We don't want to fight with anybody, we don't want to be on the ground. The suspect had the ability to hurt the officer, he had the opportunity to hurt the officer because he took his taser. The officer's life was certainly in jeopardy, and the suspect could have complied and none of this would have happened.

KEILAR: Sheriff, thank you so much for joining us, Sheriff Alfonzo Williams from Burke County, Georgia, we appreciate it.

WILLIAMS: Thank you.

KEILAR: And, next, Oklahoma State's football coach is now promising change after his players objected to his support of a far-right network that peddles conspiracy theories.


Plus, the NFL commissioner says he'd be happy to have a team sign Colin Kaepernick, one of pro sports' most influential agents, Drew Rosenhaus, will join me live.

Also, the officials in charge of promoting social distancing and masks to help protect Americans, yet they just don't do it, they weren't doing it at the president's event today.

This is CNN's special live coverage.


KEILAR: A cultural change, that is what Oklahoma State head coach Mike Gundy is promising after his players objected to a T-shirt that he was wearing fishing.

After seeing his coach donning a shirt for the far-right network that peddles conspiracy theories, One America News, Oklahoma State running back Chuba Hubbard said he wouldn't take part in anything representing the university. He slammed Gundy's clothing, he called it insensitive, unacceptable.


But now, the two men say that they will work together to alter the culture.


MIKE GUNDY, HEAD FOOTBALL COACH, OKLAHOMA STATE UNIVERSITY: I met with some players, and realized it's a very sensitive issue with what's going on in today's society. And so we had a great meeting, and made aware of some things that players feel like that can make our organization, our culture even better than it is here at Oklahoma State.

And I'm looking forward to making some changes, and it starts at the top with me and we got good days ahead.

CHUBA HUBBARD, FOOTBALL PLAYER, OKLAHOMA STATE UNIVERSITY: I'll start off by first saying that I went about it the wrong way by tweeting. I'm not someone that, you know, has to tweet something to make change, I should have went to him as a man. And I'm more about action, so that was bad on my part.

But from now on, we're going to focus on bringing change and that's the most important thing.


KEILAR: Now, this morning, Hubbard tweeted a statement that said in part, "I am a young black man that wants change. I want change that will bring a better experience for my black brothers and sisters at Oklahoma State. It's that simple."

And I'm joined now by veteran sports agent Drew Rosenhaus to talk about this and other things. And, Drew, when it comes to this Oklahoma State situation that we're seeing there, one of the things that has so many people buzzing about this is that Hubbard did not apologize, right? Or -- pardon me, Hubbard apologized. Gundy, the coach, did not apologize, we never really heard those words that are so important that Hubbard said. What do you think about that?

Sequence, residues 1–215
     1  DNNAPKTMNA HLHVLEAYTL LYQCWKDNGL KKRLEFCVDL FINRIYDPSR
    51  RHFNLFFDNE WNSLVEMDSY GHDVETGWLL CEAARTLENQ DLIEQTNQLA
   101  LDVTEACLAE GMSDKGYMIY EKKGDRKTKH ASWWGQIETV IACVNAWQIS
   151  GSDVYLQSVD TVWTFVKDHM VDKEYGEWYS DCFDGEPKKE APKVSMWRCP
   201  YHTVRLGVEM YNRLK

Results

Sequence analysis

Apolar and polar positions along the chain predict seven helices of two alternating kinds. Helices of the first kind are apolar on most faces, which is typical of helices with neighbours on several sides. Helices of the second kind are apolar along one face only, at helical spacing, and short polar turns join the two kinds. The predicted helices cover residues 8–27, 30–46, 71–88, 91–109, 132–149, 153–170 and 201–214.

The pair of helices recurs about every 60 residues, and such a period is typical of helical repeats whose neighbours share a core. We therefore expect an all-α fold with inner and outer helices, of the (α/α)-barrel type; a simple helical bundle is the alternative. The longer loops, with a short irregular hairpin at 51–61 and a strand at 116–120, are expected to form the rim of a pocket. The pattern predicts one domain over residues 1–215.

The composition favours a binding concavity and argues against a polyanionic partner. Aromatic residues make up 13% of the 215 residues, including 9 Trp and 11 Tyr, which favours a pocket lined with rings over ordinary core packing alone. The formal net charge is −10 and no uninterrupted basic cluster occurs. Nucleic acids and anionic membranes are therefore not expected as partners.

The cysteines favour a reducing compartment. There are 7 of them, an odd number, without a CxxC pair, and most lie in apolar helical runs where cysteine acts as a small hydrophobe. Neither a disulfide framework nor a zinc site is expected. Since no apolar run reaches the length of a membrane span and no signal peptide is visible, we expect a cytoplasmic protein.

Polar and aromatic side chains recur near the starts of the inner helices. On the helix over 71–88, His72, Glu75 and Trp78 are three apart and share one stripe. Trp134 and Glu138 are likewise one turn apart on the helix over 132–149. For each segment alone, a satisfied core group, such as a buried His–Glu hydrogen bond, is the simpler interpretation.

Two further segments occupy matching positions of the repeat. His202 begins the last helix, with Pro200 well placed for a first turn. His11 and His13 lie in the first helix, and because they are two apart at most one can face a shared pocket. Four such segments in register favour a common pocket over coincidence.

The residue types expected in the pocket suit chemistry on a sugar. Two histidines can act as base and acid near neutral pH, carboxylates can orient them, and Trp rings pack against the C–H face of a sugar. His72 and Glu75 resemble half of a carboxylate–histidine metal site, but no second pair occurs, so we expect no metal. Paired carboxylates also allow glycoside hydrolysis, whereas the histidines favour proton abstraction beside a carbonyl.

DREW ROSENHAUS, VETERAN SPORTS AGENT: I think he should have apologized. He offended his player, and I'm sure he offended many other guys on the team. Oklahoma State's football team, like every college football team in America, is made up of predominantly black football players.

For the head coach to wear a shirt of a network that calls Black Lives Matter a fraud in so many words, is insulting, is insensitive and requires an apology. I commend Hubbard for speaking up, but the head coach did not go far enough.

KEILAR: I want to talk to you about the NFL because the commissioner there, Roger Goodell, is now supporting a team signing Colin Kaepernick. I mean, what a change, right, from just weeks ago? Let's listen to what he said.


ROGER GOODELL, NFL COMMISSIONER: If he wants to resume his career in the NFL, that obviously is going to take a team to make that decision. But I welcome that, support a club making that decision, and encourage them to do that.

If his efforts are not on the field but continuing to work in this space, we welcome to that table and to be able to help us and guide us and help us make better decisions about the kinds of things that need to be done in communities.


KEILAR: This brings up so many questions for me. But the first one is just what do you think of this switch from Goodell?

ROSENHAUS: It is necessary. Colin Kaepernick deserves to be in the NFL. Four years ago, he was banned by the NFL for taking a stance to speak up that black lives matter, to fight against police brutality, for the systematic racism and discrimination that blacks have endured throughout our country's history. And he was penalized for this, banished.